It's both interesting and unpleasant how quickly a dental abscess can make itself known. Of course, the abscess would have been developing for quite some time, and yet the mild tingling that quickly developed into inflammation and discomfort might be the first you've heard about it. The tingling sensation that can precede the seemingly sudden appearance of an abscess might not automatically be a cause for alarm, but from the moment that pain starts to develop, you need to seek dental treatment.
Your regular dentist should be your first port of call, and yet don't hesitate to find an emergency dental treatment provider if the abscess should erupt on a weekend or late at night. Aside from seeking dental treatment as soon as possible, is there anything you can do at home to make yourself comfortable?
It's not as though you should delay treatment, but there are some types of abscesses that will benefit from some immediate, though minor, intervention. Over the counter pain relief can be helpful, and you should opt for a non-steroidal, anti-inflammatory drug (ibuprofen) if you should have some on hand. Regular aspirin can also bring some relief, but it will not have any effect on the inflammation. Despite the fact that a dental abscess has the potential to be quite painful, do not exceed the recommended dose. But what about when an abscess seems to develop extremely quickly and even bursts?
A Visible Abscess
It depends on the severity of the abscess and its position in your mouth, but you can sometimes see it. It looks like a small white dot, similar to a pimple. It's also similar to a pimple in that it's filled with pus that your body is seeking to expel. Do not attempt to burst it, as this can lead to infection. A warm compress applied to the affected area in conjunction with over the counter pain relief will keep you comfortable until you arrive at the dentist's office. However, there are some instances when an abscess can burst of its own accord. What should you do if that happens?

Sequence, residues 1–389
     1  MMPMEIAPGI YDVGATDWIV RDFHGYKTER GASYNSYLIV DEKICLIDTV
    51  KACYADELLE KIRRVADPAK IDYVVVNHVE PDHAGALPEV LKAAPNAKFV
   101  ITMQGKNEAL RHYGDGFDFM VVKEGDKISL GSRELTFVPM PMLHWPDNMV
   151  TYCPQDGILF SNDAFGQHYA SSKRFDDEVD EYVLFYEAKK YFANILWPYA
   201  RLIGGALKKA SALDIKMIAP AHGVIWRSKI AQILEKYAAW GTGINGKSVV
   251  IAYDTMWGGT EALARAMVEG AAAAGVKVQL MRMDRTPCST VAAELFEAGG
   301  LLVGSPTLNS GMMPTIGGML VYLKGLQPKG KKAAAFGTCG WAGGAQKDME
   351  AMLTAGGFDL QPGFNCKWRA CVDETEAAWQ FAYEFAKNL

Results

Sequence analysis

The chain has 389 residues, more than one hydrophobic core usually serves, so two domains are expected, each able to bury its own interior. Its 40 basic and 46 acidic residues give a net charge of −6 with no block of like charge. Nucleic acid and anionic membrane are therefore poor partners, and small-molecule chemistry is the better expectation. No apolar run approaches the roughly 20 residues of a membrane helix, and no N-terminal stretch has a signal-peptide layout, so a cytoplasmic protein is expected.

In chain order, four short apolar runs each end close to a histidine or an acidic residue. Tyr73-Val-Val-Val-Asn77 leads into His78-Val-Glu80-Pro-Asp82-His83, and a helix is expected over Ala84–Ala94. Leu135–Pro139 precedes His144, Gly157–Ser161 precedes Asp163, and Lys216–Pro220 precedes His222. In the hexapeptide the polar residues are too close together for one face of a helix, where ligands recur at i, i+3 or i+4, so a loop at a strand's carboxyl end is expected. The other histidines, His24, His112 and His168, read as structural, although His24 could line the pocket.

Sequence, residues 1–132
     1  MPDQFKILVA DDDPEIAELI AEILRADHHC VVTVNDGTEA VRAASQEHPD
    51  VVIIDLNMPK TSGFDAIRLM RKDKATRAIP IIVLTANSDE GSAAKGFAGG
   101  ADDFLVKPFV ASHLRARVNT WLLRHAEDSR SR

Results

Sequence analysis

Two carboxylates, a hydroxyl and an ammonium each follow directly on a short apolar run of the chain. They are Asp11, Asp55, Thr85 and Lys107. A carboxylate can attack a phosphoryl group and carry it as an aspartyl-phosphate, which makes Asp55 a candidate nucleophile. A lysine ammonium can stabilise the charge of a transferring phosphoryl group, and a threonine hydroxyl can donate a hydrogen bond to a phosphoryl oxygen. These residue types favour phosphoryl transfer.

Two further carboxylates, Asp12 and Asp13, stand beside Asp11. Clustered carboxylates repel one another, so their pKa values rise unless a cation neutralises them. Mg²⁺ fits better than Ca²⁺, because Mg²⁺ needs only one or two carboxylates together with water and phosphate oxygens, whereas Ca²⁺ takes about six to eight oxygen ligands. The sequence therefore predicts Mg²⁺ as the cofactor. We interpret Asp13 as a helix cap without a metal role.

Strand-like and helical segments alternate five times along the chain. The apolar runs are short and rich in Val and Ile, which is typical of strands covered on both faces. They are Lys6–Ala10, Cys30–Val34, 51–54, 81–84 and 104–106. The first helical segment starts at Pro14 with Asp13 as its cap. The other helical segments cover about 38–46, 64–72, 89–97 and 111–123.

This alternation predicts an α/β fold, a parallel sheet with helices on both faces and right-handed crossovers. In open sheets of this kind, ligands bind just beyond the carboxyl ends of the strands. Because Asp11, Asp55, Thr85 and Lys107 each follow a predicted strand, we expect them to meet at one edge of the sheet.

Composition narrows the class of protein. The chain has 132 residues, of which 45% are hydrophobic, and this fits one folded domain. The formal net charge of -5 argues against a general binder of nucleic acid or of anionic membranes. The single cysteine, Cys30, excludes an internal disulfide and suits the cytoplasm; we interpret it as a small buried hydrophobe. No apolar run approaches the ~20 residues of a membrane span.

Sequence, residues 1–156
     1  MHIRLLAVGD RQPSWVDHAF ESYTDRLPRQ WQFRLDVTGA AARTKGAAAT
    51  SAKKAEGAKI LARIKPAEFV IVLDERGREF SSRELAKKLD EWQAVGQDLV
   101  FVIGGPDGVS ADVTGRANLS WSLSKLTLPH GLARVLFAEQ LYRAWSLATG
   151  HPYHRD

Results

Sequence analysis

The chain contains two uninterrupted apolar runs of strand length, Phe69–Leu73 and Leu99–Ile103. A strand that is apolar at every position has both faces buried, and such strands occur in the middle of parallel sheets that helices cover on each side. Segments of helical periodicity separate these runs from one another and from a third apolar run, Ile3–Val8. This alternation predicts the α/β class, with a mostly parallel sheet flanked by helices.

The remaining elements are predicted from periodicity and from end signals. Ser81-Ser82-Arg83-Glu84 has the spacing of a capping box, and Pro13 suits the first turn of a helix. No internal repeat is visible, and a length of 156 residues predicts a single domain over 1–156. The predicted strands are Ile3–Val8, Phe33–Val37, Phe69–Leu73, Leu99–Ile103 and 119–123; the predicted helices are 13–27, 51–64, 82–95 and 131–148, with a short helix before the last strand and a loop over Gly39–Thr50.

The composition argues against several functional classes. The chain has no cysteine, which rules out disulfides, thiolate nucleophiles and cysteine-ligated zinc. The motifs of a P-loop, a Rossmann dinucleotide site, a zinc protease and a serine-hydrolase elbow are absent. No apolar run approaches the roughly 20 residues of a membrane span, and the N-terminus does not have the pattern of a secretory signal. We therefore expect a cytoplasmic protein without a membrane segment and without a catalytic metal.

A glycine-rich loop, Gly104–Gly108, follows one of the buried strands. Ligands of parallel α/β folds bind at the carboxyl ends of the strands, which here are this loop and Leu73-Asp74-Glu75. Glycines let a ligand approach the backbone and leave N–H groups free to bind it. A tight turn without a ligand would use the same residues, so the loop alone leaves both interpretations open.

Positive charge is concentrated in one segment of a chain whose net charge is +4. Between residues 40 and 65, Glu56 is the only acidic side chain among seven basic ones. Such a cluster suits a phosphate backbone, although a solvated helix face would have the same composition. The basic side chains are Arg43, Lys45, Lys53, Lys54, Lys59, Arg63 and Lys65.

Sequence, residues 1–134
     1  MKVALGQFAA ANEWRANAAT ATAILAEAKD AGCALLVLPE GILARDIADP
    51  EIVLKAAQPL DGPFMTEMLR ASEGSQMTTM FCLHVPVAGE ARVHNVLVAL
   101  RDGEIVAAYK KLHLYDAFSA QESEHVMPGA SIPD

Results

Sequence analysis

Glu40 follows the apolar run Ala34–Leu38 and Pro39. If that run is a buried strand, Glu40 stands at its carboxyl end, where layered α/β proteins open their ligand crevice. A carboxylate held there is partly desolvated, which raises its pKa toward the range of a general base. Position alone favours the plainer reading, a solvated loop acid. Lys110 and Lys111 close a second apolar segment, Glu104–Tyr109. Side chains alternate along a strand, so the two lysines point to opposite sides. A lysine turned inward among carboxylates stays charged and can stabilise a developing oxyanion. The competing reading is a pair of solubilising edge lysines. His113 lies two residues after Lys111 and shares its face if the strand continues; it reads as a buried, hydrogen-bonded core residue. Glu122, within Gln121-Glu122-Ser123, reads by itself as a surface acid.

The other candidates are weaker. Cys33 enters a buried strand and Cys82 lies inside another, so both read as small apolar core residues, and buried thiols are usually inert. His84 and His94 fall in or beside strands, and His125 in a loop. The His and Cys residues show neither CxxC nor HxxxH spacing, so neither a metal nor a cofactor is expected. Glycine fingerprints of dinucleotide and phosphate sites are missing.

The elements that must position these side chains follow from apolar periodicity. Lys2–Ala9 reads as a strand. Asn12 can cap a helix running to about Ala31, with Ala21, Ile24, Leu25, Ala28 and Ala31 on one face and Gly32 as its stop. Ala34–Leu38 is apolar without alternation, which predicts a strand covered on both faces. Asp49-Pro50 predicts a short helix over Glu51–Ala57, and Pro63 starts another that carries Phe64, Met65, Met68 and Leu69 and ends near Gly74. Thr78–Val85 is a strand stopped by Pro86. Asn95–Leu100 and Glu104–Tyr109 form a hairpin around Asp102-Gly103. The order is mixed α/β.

A Burst Abscess
Again, it depends on the severity of the abscess, and yet sometimes it seems as though they can bleed quite heavily. You need to minimise this bleeding. You might only notice that your abscess has burst by the sudden onset of a disgusting taste in your mouth. This is the pus that has just flowed from the abscess. It might be followed by the taste of blood. Rinse your mouth thoroughly. You now need to staunch the bleeding. Steep a teabag in hot water for a few minutes. You want it to be warm, but not scalding. Press it onto the bleeding abscess and apply light pressure. Ideally, it should be held in place by your cheek, but you can also bite gently down on it to hold it in place. The tannic acid in the tea can help the blood to clot.
While there are some things you can do to care for your dental abscess, these are only methods for bringing relief until you can see a dentist, which should be as soon as possible.